Another entry in the great debate, I suppose, though it comes down in part to what you mean by “on their own”:
Following an introduction on the general topic by their teachers, the school children were given a workbook of geometric tasks that they had to solve on paper and using a computer over four school periods. Calculating the surface area of Gran Canaria was just one of the real-world, free-form assignments the students had to tackle. The workbook material included explanations and examples of various problem-solving approaches. The teachers took a back seat during the session but were on hand to answer questions from the children, who worked in pairs.
“We expected students who were weaker at math to benefit more from a greater degree of guidance through the module,” reports Reiss. “But we didn’t see a significant difference between these and stronger students.”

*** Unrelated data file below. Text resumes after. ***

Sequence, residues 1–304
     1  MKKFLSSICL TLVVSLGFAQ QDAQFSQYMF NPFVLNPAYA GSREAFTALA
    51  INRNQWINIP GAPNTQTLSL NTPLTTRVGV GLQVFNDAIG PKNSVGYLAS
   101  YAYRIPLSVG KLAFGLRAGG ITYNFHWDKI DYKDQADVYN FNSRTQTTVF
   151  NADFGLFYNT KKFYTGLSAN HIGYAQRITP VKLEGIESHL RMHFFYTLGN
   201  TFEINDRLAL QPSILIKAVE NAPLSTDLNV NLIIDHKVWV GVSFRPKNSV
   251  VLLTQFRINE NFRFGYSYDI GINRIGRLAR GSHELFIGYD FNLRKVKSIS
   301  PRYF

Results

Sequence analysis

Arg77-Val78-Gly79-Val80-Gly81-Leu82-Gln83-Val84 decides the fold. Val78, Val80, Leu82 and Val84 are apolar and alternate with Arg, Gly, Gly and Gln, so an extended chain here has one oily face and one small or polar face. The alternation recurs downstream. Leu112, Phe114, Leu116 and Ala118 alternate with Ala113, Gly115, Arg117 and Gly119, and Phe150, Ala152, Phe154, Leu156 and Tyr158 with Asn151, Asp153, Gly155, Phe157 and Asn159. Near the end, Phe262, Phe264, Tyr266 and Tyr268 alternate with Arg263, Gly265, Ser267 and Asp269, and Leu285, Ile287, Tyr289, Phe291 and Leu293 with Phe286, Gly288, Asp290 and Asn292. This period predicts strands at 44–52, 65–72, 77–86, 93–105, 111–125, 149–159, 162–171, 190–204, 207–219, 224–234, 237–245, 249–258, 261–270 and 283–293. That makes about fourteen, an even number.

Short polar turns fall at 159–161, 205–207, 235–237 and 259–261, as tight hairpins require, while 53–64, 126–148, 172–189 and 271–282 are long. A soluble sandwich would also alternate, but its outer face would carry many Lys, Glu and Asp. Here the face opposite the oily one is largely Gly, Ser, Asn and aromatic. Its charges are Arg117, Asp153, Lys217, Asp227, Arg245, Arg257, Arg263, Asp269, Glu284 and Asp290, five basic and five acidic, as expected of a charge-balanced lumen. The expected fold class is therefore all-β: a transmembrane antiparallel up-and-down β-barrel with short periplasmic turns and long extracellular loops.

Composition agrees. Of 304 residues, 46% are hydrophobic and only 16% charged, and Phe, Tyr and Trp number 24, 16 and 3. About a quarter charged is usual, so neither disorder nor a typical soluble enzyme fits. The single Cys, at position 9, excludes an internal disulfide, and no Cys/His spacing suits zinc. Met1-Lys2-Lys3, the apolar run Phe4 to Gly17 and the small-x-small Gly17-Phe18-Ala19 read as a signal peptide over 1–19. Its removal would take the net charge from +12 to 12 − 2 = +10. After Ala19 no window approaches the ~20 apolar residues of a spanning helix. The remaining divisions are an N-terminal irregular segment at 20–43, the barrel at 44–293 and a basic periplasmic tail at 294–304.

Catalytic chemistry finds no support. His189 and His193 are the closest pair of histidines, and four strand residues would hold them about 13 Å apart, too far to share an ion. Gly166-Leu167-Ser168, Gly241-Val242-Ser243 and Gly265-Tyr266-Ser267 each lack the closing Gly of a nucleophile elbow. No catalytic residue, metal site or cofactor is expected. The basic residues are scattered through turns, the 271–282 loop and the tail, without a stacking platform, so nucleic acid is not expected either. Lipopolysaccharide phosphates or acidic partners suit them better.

This isn’t actually surprising to me — it reminds me in some ways of the NCAT Emporium Model, which has also seen spectacular success with traditionally low-performing students.
But there’s a lot of ingredients here that are essential — well-defined tasks, immediate feedback, required course meeting times, availability of teachers for assistance when online resources and peer resources fail, measurable outcomes.
This is why I’m watching the MOOC space with interest, but I am not sold on its direct application to higher ed’s pressing problems yet. The MOOC’s adaption into remedial use (for example) is going to require some additional contrivance. And I think we’re headed that way, but not there yet.